Barbara Pleasant on Saturday 23 July 2016
"Hi, Where can I obtain Indian mustard seeds in Australia? Thanks!"
soiejfmw on Sunday 12 March 2017
"Where can I obtain Indian Mustard seeds in Australia? thanks!"
soiejfmw on Sunday 12 March 2017
"The easiest thing to do would be to start with brown mustard seeds from a specialty food store that carries them as spices. If they germinate, you have your seeds. Online, The Seed Collection (TheSeedCollection.com.au) has several varieties listed as Brassica juncea, which is brown mustard. Eden Seeds (EdenSeeds.com.au) has a couple of the specialized mustard varieties used as biofumigants."
Barbara Pleasant on Tuesday 14 March 2017
"I don't know how to grow mustard. will mustard grow in all soil or any other soil is specially needed for it?????"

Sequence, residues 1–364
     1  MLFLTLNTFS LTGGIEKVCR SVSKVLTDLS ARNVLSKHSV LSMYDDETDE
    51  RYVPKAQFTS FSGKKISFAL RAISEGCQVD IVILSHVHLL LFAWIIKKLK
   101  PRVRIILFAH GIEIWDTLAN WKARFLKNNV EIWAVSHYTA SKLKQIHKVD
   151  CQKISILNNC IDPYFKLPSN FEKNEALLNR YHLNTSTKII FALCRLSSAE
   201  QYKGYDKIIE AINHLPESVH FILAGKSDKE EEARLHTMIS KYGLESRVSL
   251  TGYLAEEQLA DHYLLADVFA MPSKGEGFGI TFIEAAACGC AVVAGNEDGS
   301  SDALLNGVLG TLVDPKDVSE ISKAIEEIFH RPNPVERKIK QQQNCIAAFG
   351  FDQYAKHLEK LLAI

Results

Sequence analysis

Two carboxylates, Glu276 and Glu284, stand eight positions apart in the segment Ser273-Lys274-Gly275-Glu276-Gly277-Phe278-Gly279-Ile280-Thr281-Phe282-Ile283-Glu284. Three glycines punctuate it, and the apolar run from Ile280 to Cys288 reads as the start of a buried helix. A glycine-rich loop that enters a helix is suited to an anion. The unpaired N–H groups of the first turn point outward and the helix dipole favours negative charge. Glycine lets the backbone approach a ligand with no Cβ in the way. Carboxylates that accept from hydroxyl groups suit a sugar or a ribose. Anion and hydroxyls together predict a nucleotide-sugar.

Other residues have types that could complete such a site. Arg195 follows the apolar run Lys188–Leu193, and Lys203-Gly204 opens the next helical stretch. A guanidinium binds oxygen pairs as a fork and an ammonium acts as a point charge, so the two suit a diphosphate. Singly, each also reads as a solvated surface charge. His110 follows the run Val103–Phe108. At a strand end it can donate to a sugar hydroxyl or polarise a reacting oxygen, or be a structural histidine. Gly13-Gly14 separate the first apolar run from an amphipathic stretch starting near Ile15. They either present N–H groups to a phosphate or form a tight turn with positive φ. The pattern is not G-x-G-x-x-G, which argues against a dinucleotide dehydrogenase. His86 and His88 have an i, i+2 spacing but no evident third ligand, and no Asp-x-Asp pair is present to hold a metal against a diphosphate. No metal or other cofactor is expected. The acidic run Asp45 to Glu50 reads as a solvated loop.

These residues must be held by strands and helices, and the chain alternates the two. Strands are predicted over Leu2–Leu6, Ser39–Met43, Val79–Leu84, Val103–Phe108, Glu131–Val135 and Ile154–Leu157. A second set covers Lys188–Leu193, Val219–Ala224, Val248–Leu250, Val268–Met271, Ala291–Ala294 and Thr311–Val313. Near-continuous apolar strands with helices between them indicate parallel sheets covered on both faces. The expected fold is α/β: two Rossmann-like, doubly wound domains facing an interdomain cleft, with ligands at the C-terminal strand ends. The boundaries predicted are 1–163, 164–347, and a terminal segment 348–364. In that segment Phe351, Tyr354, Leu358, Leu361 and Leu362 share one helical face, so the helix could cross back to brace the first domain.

s.venkat on Tuesday 22 August 2017
"Mustard will grow in any soil, but without additional nutrients the plants will be small in very poor soil. You have little to lose by trying a small planting to see how it does. "
Barbara Pleasant on Tuesday 22 August 2017
"I have started growing dill and it had sprouted out,but i find some small insects roaming in the pot.I don't want to use pesticides. what should i do now? "
s.venkat on Thursday 7 September 2017
"The best non-insecticide that might impact a number of pests is diatomaceous earth, which is made of fine, sharp particles that injure the insects' bodies. "
Barbara Pleasant on Thursday 7 September 2017
"my plants had spoiled due to rain.what should i do now? "
s.venkat on Monday 18 September 2017
"If only the tops are injured but the roots are possibly healthy, put them in a dry spot and see if they come back. It could happen. Since dill is fast to grow from seed, why not start some more? "
Barbara Pleasant on Monday 18 September 2017
"What mustard varieties are best for home made mustard? I wanted to grow the plants and let them go to seed and use the seeds for mustard. Thank you for this informative article."
Eva on Thursday 1 February 2018